PATRICK O'BRIEN: I think the IGA needs to be revisited. PAWSD and the Town are both responsible for the current situation, and requires Board level discussions to understand how it got to this point, and to determine where we go from here in a fair and equitable manner that is entirely transparent.
Do I feel the “fairness” concerns are valid? I feel very strongly that the concerns are valid and that the current IGA is unfair.
Do I feel the IGA ought to be re-negotiated to increase its fairness to PAWSD customers? Yes, it should.
RAY FINNEY: I believe the IGA should be renegotiated to provide service to the town and fairness to the current PAWS rate payers. The current infrastructure represents a huge investment by current and past ratepayers.
MIKE CHURCH: Speaking to people about the IGA, I hear people expressing feelings that a disconnect took place when the final document that was approved. I have said it is an imperfect agreement. Posting the draft agreement on the internet for review and public comment prior to approval is always good policy that I would support.
I am for making the customer base larger, which is a benefit because it spreads unforeseen costs over more customers. PAWSD only has about 3,000 sewer customers. The Town sewer if added to the PAWSD customers would account for about a 25% customer base increase. The problem is that the IGA is a bulk rate agreement and has a watered down effect of expanding the customer base cost sharing.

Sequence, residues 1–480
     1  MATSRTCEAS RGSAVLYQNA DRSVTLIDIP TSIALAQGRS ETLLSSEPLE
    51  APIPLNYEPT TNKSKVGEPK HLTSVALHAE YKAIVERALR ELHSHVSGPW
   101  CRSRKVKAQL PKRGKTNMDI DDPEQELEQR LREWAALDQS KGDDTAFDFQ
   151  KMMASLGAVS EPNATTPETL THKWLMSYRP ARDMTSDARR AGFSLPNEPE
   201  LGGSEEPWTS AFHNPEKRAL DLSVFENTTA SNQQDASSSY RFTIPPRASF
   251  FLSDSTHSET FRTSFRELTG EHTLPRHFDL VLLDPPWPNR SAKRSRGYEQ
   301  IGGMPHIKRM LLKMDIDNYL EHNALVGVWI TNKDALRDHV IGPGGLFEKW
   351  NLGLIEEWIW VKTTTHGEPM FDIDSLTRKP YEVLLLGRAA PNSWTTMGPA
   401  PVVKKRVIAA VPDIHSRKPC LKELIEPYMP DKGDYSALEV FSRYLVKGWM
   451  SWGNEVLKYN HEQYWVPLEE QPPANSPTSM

Because of the past heavy-handedness of PAWSD, I can hardly blame the numerous provisions that the Town has put into the agreement to protect their customers after seeing how Dry Gulch went down.
I look at the agreement as a limited benefit on long-term cost sharing and a step towards one day expanding the customer pool by fully including the Town sewer customer base into PAWSD in the future.
In my opinion, PAWSD cannot walk from the agreement because the Town at this point has relied on PAWSD and has lost its funding to continue building its own sewer treatment plant. If PAWSD backs out of the IGA, it is possible that PAWSD could be sued because the Town detrimentally relied on the agreement PAWSD approved. So I would not want to open that can of worms by walking away from a valid agreement — and the Town cannot be forced into new terms unilaterally by new board members, because the agreement is done.